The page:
The Normans (in French: Normands ; in Latin Nortmanni) were the people who gave their name to Normandy, a region in northern France. They were descended from Norse Viking conquerors of the territory and the native population of Frankish and Gallo-Roman stock. Their identity emerged initially in the first half of the 10th century, and gradually evolved over succeeding centuries.
They displayed an extreme restlessness and recklessness, a love of fighting accompanied by almost foolhardy courage, and a craftiness and cunning that went hand in hand with outrageous treachery. In their expansion into other parts of Europe, the Normans compiled a record of astonishingly daring exploits in which often a mere handful of men would vanquish an enemy many times as numerous. An unequaled capacity for rapid movement across land and sea, the use of brutal violence and a precocious sense of the use and value of money were all traits that characterized the Normans.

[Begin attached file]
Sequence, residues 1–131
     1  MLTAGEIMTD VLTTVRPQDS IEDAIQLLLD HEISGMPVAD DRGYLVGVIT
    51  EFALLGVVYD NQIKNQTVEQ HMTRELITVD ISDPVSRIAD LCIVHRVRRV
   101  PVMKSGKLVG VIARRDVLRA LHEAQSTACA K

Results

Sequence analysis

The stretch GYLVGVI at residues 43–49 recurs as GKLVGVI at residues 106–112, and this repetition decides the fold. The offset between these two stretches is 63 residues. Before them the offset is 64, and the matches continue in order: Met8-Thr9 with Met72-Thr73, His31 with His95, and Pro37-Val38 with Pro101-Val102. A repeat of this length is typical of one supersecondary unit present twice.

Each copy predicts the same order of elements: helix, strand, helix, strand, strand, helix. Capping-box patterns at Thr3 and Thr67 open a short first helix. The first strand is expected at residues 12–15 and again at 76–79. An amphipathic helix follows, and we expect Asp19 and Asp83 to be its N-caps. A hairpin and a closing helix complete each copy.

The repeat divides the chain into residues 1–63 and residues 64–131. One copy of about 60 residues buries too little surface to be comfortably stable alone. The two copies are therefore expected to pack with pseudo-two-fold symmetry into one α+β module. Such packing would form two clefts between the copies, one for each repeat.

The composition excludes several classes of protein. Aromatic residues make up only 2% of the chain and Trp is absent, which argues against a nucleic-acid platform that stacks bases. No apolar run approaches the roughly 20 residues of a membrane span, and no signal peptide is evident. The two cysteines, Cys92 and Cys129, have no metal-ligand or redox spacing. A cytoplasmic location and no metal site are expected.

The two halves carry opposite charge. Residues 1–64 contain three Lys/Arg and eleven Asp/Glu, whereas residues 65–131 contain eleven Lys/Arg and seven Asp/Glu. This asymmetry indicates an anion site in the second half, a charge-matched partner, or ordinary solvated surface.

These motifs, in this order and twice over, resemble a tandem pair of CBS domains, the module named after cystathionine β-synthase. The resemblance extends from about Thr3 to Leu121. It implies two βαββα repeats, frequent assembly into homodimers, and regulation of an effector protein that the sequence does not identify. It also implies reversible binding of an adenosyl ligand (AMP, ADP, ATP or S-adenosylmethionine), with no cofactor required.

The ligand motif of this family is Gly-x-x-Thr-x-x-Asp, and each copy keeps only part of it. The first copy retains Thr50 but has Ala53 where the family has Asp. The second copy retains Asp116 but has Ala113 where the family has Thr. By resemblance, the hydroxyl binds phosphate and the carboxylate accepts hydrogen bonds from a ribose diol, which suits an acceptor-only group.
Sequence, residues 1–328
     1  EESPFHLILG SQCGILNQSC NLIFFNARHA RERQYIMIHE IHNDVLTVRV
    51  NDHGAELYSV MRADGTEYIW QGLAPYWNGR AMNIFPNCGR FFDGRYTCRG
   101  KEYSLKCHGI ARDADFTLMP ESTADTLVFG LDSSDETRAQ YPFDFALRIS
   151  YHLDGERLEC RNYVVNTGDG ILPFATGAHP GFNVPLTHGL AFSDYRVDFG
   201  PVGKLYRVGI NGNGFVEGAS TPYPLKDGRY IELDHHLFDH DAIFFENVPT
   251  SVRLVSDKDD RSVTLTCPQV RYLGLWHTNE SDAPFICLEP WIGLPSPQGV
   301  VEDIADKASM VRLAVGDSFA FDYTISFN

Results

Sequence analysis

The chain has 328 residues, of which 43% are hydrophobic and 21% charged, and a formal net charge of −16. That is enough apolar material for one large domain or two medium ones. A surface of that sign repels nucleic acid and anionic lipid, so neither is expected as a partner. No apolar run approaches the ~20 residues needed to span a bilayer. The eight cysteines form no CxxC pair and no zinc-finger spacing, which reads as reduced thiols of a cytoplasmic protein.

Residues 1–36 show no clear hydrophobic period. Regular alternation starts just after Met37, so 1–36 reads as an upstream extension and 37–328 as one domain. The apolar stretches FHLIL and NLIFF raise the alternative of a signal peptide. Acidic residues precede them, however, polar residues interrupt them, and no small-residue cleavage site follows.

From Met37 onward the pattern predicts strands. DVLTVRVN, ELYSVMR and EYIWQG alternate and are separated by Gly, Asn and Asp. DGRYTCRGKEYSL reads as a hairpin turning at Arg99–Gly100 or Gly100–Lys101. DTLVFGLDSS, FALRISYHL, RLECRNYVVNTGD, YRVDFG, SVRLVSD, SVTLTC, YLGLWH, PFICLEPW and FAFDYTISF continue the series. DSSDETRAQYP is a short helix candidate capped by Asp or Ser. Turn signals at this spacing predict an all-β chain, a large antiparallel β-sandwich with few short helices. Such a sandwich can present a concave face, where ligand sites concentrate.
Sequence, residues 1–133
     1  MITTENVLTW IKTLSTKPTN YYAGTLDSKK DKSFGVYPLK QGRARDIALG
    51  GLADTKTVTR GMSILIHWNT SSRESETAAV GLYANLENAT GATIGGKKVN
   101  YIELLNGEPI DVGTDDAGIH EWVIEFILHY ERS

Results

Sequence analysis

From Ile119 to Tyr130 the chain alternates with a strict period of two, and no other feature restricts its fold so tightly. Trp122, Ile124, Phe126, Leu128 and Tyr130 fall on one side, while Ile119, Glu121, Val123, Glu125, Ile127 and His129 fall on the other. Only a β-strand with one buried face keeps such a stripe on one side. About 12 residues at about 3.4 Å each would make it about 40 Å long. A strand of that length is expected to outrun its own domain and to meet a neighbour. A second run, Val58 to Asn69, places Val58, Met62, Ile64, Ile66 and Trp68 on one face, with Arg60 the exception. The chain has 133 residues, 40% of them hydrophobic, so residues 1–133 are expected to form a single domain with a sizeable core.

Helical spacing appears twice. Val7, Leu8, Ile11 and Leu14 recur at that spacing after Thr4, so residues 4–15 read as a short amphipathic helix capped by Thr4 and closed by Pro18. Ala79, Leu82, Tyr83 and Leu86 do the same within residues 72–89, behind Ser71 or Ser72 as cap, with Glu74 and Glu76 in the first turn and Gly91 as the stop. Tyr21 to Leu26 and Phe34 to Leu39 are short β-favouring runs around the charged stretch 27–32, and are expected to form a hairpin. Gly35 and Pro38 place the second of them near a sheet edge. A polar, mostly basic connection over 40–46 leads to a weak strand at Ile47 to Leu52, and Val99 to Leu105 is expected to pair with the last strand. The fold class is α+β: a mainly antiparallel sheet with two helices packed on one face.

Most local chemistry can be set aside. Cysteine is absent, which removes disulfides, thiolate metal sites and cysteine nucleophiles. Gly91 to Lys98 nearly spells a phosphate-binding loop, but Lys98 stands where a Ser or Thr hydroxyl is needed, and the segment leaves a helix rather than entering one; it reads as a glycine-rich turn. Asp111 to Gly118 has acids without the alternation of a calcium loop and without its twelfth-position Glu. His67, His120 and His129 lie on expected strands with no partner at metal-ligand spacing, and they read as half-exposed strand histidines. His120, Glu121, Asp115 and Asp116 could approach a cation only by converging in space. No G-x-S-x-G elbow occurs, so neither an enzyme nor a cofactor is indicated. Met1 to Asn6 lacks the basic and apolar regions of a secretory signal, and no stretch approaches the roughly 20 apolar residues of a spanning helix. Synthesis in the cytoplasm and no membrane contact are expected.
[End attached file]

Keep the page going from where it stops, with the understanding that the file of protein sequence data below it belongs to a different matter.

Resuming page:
They played a major political, military, and cultural role in medieval Europe and even the Near East. They were famed for their martial spirit and eventually for their Christian piety. They quickly adopted the Romance language of the land they settled, their dialect becoming known as Norman or Norman-French, an important literary language. The Duchy of Normandy, which they formed by treaty with the French crown, was one of the great fiefs of medieval France. The Normans are famed both for their culture, such as their unique Romanesque architecture, and their musical traditions, as well as for their military accomplishments and innovations. Norman adventurers established a kingdom in Sicily and southern Italy by conquest, and a Norman expedition on behalf of their duke, William the Conqueror, led to the Norman Conquest of England. Norman influence spread from these new centres to the Crusader States in the Near East when Bohemond I established the Principality of Antioch in the First Crusade, and also to Scotland and Wales in Great Britain, and to Ireland.